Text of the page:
No such proposal is pending, but the Republican governor was asked about the idea during his monthly televised news conference.
“If there’s other ways to get from here to there that can be the common-ground approach, let’s take a look at it,” Herbert said.
However, Herbert said his job now is to defend the state’s 2004 amendment to the state constitution that bans same-sex marriage and civil unions.
The governor said he was surprised and disappointed when a federal judge overturned the ban in December. More than 1,000 gay couples rushed to wed until the U.S. Supreme Court halted the marriages earlier this month.
Utah has appealed the federal judge’s ruling to the Denver-based 10th U.S. Circuit Court of Appeals, which is expected to issue a decision in a few months.
Herbert directed state agencies to freeze recognition of the same-sex marriages after the Supreme Court issued its emergency stay to halt the weddings.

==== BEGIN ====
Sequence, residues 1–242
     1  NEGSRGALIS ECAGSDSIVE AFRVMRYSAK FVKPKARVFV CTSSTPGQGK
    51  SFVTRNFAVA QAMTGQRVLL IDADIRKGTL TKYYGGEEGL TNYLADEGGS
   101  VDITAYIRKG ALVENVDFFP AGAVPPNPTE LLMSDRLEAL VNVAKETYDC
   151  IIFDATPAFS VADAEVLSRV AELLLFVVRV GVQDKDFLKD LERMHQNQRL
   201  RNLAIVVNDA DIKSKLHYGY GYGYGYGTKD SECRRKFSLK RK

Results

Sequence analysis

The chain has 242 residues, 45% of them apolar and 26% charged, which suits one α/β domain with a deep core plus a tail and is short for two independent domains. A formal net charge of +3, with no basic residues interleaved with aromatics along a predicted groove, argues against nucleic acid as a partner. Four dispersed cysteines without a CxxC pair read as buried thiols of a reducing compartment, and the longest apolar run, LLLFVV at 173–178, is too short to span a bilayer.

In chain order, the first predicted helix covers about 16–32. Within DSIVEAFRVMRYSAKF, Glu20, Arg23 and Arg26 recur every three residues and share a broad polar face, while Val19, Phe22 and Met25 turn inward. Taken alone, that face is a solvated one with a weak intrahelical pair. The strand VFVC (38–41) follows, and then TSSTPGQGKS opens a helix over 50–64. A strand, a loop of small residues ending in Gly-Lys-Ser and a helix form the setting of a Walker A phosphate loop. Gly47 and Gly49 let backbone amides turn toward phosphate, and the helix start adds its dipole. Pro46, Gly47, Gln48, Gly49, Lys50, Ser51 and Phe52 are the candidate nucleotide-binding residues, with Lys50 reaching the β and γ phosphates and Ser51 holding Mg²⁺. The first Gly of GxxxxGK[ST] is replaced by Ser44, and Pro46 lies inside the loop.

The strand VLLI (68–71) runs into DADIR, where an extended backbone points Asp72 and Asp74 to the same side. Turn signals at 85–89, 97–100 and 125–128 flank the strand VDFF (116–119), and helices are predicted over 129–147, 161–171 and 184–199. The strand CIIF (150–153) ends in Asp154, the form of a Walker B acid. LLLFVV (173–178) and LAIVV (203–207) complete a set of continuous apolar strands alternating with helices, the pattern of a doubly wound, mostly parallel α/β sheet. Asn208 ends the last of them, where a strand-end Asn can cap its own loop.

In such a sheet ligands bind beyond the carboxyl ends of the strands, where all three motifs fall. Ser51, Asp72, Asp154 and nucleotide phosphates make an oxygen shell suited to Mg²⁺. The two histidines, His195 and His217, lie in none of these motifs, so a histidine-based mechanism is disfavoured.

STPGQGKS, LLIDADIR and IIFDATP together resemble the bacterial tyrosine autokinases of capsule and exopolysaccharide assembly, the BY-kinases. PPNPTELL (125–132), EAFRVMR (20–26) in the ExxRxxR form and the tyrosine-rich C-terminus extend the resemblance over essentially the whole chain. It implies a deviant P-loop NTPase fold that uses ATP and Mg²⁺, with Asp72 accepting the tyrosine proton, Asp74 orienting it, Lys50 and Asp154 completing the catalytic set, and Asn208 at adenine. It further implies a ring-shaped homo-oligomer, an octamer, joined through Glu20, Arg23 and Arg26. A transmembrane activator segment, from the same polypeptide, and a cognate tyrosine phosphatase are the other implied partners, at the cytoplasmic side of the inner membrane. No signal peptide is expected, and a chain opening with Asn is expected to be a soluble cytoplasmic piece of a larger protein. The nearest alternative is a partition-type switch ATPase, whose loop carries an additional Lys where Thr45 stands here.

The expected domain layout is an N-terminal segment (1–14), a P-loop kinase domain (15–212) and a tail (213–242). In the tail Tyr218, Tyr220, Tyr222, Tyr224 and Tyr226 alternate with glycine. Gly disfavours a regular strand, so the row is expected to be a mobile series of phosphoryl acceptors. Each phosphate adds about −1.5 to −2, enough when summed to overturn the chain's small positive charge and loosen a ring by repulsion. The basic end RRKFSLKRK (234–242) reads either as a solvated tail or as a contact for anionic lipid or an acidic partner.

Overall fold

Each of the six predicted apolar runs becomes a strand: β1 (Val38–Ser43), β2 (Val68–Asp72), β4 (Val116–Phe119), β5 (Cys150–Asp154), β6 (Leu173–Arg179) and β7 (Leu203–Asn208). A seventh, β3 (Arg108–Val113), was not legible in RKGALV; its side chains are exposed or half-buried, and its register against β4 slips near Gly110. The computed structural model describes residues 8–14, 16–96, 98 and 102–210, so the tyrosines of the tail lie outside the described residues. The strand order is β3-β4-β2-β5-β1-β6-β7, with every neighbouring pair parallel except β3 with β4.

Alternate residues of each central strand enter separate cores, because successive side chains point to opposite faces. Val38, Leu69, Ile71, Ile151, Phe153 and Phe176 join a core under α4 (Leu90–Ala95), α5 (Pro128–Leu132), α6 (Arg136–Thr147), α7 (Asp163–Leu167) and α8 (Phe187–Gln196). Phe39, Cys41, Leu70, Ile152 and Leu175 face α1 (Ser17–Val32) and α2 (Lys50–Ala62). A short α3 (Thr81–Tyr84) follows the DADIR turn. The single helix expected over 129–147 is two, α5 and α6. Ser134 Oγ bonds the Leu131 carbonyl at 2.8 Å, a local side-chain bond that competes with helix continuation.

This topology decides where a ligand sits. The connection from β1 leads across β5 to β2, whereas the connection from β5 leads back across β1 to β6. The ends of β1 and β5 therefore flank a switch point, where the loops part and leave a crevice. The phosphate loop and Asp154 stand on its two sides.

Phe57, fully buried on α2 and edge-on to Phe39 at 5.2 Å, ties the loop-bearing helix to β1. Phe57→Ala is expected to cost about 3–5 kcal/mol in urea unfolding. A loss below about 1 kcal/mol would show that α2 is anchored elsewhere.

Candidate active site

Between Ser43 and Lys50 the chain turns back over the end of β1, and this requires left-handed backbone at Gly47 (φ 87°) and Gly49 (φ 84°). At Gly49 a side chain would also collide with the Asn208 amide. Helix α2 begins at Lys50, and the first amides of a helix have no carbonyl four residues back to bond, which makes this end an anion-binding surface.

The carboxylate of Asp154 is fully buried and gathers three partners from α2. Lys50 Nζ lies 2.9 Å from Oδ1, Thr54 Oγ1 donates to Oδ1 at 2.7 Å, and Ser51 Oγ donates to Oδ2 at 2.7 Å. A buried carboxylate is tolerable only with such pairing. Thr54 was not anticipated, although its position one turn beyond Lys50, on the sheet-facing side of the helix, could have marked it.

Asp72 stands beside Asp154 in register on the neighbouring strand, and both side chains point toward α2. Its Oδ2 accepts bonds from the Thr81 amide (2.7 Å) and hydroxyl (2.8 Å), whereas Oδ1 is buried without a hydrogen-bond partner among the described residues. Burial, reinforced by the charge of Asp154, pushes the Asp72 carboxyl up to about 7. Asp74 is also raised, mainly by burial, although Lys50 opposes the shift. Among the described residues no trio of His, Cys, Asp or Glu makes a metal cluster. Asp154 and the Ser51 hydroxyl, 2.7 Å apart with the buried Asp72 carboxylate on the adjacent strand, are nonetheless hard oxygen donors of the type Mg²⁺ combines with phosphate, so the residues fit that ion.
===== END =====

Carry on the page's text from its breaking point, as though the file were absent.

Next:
The governor said Thursday he personally supports Utah’s constitutional amendment banning gay weddings and said marriages should involve a man and a woman.
“I think that’s the best way to have family arrangements,” he said. “The best chance for children to be the best they could be.”
Herbert said he understands the joy and confusion felt by gay couples since the Dec. 20 ruling.
“Clearly the people involved in gay relationships are together, they’re loving each other, they’re taking care of each other, just like people in other families and traditional families are doing,” Herbert said. “And it has been working.”
The gay community deserves respect, he said, but he repeatedly affirmed his commitment to the ban.
“There’s speculation that attitudes have changed,” Herbert said of polls indicating a shift in public opinion since 2004. “But we can’t base our government based on polling. It’s got to be based on the rule of law.”
If Utah residents want to change the law, there’s a method for that, Herbert said.
Herbert also said he was open to a proposed Utah law prohibiting discrimination based on sexual identity or orientation.
However, he stopped short of endorsing the statewide proposal, saying he would need to see the specific language.
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